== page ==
Homer's Travels: Camino 2023 - Roncesvalles To Torres Del Rio

Tuesday, June 20, 2023

Camino 2023 - Roncesvalles To Torres Del Rio

It was raining again as we left Roncesvalles.  This would be our last full day of rain ... I'd worried our entire Camino would be rained out.  I decided to push for a longer distance today since there was less elevation climbing on this section of the Camino and I wanted to see how the Wife and I would handle it.  The target for the day was the town of Zubiri which was 13.8 miles (22.2 km) from Roncesvalles. 

It was a lot tougher than the elevation profile said it would be.  You would think by now I would know not to trust elevation profiles.  We passed through a couple small towns on the way to Zubiri.  Where we stopped for an ATM and we bought some snacks.  Before entering Zubiri the Camino drops sharply similar to, but not as bad as, the drop into Roncesvalles.

The Zubiri bridge as seen from our albergue window.
(Photo taken by the Wife)
We crossed the bridge to enter Zubiri and stopped at the first private albergue just on the other side of the bridge.  We took two of the last four beds the albergue had available.  That is one of the big changes since my last Camino ten years ago.  Back then you didn't need to make reservations at albergues and in fact most municipal albergues didn't accept reservations at all.  That is not true anymore.  You can now make reservations in all the albergues and, since there are so many pilgrims now, it is safer to have a reservation.  I will talk about this in a later post.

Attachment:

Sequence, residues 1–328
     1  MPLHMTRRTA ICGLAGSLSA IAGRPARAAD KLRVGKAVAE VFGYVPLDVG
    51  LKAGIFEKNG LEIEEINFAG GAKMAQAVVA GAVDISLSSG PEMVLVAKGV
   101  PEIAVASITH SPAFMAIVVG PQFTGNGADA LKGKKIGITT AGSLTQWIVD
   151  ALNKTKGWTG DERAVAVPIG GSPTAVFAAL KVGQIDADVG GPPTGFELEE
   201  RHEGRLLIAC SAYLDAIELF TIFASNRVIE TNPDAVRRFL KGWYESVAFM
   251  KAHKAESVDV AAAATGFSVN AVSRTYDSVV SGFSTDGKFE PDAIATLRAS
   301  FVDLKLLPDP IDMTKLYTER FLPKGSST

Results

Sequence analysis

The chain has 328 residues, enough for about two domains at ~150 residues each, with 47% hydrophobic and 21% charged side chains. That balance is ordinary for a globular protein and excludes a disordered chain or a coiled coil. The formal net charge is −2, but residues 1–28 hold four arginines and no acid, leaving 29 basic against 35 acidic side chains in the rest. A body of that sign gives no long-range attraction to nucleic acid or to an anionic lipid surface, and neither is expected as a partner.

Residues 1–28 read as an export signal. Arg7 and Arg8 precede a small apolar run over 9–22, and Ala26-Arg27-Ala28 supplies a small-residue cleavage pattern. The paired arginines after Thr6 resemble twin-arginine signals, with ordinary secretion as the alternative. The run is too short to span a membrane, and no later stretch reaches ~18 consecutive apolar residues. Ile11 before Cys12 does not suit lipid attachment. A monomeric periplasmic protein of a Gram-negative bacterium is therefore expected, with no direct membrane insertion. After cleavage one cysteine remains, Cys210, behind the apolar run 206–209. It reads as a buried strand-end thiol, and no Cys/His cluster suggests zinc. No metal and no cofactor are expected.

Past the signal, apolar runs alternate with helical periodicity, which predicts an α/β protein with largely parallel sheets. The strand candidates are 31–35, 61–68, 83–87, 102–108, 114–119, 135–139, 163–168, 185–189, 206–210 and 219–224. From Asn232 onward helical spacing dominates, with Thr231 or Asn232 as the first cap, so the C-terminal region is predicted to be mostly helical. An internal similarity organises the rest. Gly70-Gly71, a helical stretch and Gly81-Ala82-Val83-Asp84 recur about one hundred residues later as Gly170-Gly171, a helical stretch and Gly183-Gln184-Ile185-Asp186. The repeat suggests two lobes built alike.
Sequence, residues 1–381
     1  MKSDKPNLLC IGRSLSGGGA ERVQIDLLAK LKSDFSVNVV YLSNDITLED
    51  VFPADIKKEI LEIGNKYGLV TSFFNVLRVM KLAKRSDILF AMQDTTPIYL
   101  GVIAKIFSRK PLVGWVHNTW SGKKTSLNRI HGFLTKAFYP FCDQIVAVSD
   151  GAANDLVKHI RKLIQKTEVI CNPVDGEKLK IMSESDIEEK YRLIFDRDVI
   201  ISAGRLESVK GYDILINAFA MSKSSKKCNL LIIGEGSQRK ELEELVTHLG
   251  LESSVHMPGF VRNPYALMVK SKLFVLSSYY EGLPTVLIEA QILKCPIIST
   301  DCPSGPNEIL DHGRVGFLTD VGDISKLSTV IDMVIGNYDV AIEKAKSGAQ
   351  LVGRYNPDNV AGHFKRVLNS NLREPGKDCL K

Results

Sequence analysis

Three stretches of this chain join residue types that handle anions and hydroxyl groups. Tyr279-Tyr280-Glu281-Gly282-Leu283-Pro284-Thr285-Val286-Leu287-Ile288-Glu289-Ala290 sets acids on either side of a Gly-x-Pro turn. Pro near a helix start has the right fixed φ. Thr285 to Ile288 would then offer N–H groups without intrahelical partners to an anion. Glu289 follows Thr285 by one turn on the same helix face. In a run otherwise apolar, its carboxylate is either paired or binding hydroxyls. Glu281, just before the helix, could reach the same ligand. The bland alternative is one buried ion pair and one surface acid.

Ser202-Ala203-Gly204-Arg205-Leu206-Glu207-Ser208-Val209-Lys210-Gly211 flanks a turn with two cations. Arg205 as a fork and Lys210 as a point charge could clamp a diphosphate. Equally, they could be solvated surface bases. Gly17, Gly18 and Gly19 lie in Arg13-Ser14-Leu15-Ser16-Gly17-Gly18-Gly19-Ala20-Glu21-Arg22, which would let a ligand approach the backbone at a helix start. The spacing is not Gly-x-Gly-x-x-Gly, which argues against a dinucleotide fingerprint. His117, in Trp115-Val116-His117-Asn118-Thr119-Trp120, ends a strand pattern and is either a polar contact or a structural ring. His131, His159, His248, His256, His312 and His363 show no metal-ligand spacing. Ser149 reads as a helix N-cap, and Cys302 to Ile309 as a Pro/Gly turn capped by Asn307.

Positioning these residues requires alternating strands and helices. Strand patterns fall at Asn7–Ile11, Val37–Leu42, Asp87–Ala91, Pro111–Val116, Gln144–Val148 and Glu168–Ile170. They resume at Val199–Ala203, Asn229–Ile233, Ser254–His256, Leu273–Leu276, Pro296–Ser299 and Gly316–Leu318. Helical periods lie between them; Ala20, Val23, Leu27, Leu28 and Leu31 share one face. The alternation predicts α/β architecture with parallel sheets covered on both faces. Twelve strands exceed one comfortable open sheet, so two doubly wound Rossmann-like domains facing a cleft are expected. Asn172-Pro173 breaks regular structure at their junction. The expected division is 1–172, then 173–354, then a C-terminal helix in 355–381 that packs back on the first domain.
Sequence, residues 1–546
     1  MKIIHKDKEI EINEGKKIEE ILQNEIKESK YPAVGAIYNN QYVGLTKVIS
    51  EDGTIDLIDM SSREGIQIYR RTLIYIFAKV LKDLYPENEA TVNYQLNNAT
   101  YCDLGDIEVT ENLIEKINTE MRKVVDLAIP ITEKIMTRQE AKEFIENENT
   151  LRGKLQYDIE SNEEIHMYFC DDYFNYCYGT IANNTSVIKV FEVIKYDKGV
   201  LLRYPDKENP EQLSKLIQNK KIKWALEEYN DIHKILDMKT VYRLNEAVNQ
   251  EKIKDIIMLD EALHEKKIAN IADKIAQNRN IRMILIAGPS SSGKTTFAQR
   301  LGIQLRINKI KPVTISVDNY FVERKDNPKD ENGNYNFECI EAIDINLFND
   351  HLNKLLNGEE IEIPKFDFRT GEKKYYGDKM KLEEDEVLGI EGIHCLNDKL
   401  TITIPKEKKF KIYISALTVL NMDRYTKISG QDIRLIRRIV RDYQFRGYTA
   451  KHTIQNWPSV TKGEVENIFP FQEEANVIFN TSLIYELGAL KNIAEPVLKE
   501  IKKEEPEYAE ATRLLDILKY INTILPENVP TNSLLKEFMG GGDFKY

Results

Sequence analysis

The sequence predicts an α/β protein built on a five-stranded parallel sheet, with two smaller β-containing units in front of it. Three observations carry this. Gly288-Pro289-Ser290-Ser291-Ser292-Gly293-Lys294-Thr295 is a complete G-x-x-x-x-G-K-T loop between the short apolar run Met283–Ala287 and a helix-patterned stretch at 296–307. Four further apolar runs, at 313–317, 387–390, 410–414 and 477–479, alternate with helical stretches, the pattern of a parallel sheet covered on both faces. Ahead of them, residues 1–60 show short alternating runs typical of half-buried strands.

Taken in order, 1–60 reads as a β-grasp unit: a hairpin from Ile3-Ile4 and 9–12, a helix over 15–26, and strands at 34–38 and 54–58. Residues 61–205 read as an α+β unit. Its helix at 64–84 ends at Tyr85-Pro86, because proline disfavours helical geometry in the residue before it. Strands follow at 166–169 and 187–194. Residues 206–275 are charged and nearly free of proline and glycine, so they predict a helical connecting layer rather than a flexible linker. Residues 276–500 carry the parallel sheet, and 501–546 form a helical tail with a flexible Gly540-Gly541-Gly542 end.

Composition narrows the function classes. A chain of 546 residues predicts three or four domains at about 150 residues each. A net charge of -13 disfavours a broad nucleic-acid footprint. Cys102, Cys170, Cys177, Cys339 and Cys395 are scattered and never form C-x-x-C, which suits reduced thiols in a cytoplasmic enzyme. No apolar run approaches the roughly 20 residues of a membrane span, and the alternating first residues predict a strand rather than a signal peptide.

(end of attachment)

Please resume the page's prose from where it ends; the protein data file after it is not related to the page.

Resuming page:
The albergue was nice with private bathrooms (instead of shared bathrooms with multiple stalls/showers) and real towels.  We did our chores and went in search of some food.  We ran into a few of our Camino friends at or near a restaurant.  I went to find a pharmacy since I'd had a sore throat since I arrived in Paris and it wasn't going away.  The meds I was given did the job after a couple of days.


The rain stopped with a rainbow.
(Photo taken by the Wife)
We left Zubiri the next day without any rain in the forecast.  It was nice walking without our rain gear on but the weather was a lot colder than when I walked my first Camino.  I'd packed a fleece hoodie figuring I wouldn't be wearing it much but I ended up wearing it most of the time we were on the Camino.

Our goal for the day was Cizur Menor which was 15.5 miles (25 km).  I was worried it would be a bit too aggressive so I had a couple options for stops if we changed our minds.